Hoi An has previously been selected as one of Asia’s top ten destinations for 2010 by the Hong Kong online tourist magazine Smart Travel Asia. The ancient town had retained fifth place and Hanoi was noted as seventh on the tourist magazine list.
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The first International Choir Festival & Competition will be held in the ancient town of Hoi An in the central province of Quang Nam from March 16-20.
More than 1,000 national and international singers from over 30 choirs will perform and compete in the festival.
The event is part of the 2011 National Tourism Year program in the central coastal region of Phu Yen province.
It is also seen as an opportunity to promote the cultural heritage of the region and to tap the tourism potential for international travelers.
The festival is being organized jointly by Quang Nam province and the German-based Association InterKultur.
The opening ceremony of the festival will take place on a floating stage at the Song Hoai (Hoai River) Square in Hoi An Town.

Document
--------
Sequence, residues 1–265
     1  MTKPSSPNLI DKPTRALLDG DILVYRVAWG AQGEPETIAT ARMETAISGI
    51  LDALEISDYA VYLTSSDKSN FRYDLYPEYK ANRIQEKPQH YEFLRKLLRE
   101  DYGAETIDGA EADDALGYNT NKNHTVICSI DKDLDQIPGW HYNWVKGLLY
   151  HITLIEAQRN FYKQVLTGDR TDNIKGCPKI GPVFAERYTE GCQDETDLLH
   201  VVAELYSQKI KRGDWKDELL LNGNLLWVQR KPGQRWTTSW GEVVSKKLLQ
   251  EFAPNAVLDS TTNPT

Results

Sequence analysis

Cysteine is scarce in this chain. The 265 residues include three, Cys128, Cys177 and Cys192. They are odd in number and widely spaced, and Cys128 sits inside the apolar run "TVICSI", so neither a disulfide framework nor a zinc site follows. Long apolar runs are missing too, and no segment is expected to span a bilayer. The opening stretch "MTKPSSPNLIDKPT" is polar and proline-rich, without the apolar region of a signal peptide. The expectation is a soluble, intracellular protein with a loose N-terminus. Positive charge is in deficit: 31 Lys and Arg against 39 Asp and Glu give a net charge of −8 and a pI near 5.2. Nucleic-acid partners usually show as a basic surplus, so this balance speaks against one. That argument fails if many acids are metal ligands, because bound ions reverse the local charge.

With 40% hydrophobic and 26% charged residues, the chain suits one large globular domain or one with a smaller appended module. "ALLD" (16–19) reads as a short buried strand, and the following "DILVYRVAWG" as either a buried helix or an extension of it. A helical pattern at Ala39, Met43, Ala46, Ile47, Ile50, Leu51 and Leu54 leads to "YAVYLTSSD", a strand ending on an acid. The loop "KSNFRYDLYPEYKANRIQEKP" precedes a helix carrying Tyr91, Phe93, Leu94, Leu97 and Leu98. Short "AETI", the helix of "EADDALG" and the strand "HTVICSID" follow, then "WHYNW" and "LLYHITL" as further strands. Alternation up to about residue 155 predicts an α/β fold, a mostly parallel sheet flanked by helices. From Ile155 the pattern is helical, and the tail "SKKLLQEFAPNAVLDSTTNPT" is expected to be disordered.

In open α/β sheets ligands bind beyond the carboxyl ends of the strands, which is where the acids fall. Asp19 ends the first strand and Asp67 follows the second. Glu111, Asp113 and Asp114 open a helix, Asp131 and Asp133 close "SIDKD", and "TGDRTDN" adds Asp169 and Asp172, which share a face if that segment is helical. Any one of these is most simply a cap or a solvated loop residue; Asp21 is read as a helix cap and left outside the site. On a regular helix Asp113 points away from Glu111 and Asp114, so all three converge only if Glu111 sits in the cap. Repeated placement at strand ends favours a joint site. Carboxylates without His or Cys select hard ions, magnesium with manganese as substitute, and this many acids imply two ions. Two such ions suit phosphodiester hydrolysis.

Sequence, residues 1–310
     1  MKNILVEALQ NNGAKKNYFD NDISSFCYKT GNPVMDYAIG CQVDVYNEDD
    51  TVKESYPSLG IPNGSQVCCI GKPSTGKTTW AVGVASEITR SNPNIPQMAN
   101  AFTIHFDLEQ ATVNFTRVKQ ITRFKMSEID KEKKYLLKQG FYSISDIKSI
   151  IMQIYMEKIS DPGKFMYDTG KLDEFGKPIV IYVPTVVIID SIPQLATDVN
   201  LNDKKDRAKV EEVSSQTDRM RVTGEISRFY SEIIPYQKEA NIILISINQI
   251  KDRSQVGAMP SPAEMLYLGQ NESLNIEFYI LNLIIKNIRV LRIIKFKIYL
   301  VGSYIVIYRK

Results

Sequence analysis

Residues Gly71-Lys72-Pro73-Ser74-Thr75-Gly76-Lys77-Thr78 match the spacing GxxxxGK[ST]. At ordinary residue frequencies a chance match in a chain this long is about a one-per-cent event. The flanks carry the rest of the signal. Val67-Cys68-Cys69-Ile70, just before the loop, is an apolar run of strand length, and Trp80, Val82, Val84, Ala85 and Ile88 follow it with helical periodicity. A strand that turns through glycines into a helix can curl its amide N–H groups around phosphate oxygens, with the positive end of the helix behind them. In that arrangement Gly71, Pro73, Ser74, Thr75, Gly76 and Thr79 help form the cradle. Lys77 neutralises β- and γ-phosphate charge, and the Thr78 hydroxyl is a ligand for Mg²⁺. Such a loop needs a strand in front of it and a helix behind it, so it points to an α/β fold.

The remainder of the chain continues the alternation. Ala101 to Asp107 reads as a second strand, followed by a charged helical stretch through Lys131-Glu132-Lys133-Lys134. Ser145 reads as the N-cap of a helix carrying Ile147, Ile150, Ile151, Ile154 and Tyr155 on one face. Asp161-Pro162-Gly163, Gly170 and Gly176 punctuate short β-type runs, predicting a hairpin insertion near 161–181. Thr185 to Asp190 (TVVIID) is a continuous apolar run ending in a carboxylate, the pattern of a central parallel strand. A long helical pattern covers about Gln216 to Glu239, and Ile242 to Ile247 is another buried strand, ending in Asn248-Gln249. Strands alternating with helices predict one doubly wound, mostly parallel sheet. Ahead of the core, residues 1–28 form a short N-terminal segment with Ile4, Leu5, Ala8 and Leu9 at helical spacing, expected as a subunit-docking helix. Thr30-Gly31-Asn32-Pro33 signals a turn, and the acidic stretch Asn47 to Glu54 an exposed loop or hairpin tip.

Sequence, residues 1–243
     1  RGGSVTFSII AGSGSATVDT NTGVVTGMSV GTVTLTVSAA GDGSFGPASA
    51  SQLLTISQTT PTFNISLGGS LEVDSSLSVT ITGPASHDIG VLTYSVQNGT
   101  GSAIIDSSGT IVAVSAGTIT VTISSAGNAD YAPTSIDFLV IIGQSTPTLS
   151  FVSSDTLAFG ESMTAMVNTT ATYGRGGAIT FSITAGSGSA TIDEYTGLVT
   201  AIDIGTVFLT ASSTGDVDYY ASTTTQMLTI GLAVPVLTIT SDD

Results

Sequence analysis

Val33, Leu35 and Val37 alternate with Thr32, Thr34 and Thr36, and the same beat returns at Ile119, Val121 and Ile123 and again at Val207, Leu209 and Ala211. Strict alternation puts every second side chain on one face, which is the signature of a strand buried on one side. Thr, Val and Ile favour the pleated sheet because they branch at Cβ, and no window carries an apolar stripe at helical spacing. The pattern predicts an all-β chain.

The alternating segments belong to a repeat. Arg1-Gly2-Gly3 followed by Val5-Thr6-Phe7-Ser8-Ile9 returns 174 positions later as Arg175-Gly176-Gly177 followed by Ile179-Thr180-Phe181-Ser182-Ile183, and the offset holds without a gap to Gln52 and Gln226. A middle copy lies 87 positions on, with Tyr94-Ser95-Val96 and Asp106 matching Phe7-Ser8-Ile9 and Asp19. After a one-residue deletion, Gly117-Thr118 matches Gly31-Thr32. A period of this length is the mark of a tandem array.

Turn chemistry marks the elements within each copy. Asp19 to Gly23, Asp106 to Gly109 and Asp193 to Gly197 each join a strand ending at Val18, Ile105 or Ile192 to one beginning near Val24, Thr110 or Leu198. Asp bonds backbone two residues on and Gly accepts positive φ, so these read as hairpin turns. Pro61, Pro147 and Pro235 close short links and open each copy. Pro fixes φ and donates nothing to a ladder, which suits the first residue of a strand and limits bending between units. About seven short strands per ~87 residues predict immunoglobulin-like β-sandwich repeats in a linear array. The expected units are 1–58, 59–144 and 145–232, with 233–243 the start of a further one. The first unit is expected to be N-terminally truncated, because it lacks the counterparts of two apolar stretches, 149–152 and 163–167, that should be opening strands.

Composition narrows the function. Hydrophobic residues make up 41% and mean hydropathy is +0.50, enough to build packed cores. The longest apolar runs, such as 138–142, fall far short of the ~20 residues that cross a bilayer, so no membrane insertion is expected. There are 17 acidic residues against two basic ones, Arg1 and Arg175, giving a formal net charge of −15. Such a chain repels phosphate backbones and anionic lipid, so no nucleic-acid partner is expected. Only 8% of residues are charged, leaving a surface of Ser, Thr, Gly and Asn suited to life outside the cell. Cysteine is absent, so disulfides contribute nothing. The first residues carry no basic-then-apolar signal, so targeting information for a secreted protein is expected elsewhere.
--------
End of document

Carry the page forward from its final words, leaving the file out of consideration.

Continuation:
Collected by Vietnam hotel
The authorities of the ancient town of Hoi An, a world cultural heritage, announced the exemption of entrance fee to the town for Vietnamese Heroic Mothers, war invalids, handicapped people, journalists, children and students of less than 16.
The local authorities are also offering a 50 percent discount on entrance fee to students and soldiers.
Town authorities are also further considering reducing the entry fee for diplomatic delegations, scholars and researchers.
Hoi An is an ancient town located in the central province of Quang Nam and is home to approximately 120,000 inhabitants.
The city possessed the largest harbour in Southeast Asia in the 1st century and was known as Lam Ap Pho (Champa City). Between the seventh and 10th centuries, the Cham (people of Champa) controlled the strategic spice trade and with this came tremendous wealth.
Hoi An was an important trading centre in Vietnam in the 16th and 17th centuries, where Chinese from various provinces as well as Japanese, Dutch and Indians settled.